A convicted murderer who tried to slash the neck of a paedophile prisoner in a frenzied cell attack admitted that he engineered a move to Wakefield prison simply to kill the predator.
Arron Graham, 27, admitted he had "been tracking" sex offender Paul Boardman who had been jailed for abusing children.
Appearing at Leeds Crown Court via video link, Graham, who is already serving a life sentence, "saw an opportunity to seek revenge" when he was granted a move to Wakefield, Dave MacKay for the Crown said.
He purposely befriended Boardman before planning the attack, including studying medical books to find which veins he needed to cut to ensure his death.
He also planned to carry out the murder on a Wednesday when he thought prison guards would be more distracted.
On November 14, 2018, Graham went to Boardman's cell where the victim thought Graham was going to give him a bar of chocolate.
But when his back was turned, Graham grabbed him by the neck and tried to slash his throat with a homemade shank - a razor blade melted onto a toothbrush.
He then forced Boardman to his bed and slashed him again across the forehead.
CCTV played in court showed Boardman then fleeing his cell pursued by Graham, hacking at him before prison officers jumped in.
Boardman suffered deep wounds to his neck and head, but no permanent injuries.
Graham was quick to admit his motive and told officers: “I knew I had missed the artery because there not enough blood. I was disappointed not to kill him."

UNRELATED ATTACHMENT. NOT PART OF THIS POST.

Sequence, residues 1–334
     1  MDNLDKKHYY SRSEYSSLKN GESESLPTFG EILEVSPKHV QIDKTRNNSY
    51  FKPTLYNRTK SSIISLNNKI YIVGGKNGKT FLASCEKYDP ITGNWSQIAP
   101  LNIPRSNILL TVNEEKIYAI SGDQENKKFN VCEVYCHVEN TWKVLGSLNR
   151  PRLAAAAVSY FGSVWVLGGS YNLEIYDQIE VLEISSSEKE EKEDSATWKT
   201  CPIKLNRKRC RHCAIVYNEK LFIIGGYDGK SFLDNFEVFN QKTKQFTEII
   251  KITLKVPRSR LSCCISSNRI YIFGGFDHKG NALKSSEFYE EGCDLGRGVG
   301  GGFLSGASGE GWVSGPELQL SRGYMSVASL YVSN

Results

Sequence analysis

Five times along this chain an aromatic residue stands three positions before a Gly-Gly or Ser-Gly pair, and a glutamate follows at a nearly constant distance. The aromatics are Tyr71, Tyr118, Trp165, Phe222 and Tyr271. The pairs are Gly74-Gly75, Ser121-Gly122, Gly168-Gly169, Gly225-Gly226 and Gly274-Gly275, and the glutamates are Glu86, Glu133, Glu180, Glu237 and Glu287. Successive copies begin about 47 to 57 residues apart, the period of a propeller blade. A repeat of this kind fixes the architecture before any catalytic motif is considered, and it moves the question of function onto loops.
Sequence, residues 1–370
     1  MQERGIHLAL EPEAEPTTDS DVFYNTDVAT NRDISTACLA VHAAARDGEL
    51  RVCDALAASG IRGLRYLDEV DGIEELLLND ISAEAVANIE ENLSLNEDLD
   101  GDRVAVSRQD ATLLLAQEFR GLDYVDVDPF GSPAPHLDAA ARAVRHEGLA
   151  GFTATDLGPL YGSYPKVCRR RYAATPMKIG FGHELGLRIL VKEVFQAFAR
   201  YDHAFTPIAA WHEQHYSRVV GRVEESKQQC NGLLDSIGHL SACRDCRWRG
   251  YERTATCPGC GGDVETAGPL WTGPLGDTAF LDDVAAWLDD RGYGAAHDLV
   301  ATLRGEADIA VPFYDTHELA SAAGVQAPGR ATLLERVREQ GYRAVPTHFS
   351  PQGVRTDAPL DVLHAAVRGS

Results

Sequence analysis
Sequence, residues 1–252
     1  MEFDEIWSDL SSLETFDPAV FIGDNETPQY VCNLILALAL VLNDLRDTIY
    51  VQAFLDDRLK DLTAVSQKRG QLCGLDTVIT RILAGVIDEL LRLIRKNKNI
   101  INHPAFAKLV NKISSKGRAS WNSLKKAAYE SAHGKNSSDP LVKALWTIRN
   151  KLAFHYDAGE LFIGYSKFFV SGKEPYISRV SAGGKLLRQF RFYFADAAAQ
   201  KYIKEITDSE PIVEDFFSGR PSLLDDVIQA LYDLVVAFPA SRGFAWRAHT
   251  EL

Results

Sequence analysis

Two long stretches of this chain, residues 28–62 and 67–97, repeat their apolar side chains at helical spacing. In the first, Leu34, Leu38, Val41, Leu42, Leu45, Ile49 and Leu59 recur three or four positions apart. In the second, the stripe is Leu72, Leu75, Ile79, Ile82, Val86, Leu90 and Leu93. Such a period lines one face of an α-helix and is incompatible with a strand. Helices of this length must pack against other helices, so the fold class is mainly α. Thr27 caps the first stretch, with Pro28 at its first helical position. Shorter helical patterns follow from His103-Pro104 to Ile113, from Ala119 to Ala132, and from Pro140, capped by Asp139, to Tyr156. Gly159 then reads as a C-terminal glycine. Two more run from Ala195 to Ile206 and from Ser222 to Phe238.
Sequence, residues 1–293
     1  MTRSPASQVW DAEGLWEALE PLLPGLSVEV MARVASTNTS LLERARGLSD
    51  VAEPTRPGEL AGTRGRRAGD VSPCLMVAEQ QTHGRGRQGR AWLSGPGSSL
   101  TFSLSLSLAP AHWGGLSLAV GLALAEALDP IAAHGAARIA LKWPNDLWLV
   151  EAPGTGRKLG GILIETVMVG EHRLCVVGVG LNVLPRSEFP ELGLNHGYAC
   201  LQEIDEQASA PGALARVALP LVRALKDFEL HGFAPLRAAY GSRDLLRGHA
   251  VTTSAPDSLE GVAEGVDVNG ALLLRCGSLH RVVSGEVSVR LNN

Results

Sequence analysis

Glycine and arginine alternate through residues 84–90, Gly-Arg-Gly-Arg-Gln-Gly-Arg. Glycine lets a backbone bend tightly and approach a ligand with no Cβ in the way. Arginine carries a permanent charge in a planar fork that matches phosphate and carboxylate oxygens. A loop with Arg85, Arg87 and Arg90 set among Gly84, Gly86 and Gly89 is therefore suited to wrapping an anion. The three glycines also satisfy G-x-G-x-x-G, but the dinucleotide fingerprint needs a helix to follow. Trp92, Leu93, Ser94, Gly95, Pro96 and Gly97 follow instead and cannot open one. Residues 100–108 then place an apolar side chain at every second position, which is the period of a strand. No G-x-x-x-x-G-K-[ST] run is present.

Admitting attempted murder, the court was told that Graham had 15 convictions for 27 offences including assaults, robbery and then murder in 2014.
He had been part of a gang that killed a man in a revenge attack in Preston, Lancashire.
Graham had received a minimum 29-year sentence for his part in the gruesome death in which the victim was almost decapitated with a knife.
Graham's barrister, Richard Barradell, said in mitigation that his client was still a young man and feels very strongly about the child abuse carried out by Boardman.
During discussions between Mr Barradell and the Judge Andrew Stubbs QC about the possible length of the sentence, Graham interjected by saying: "I don't want to be released."
On sentencing, Judge Stubbs told him: "It was a carefully-planned and determined attempt to take his life, fuelled by your desire for revenge.
"You engineered a move to the same prison after finding him in the system.
"You made frank admissions about your motive. You are plainly dangerous."
He handed Graham another life sentence, to serve at least seven more years after his 29-year sentence for murder has finished.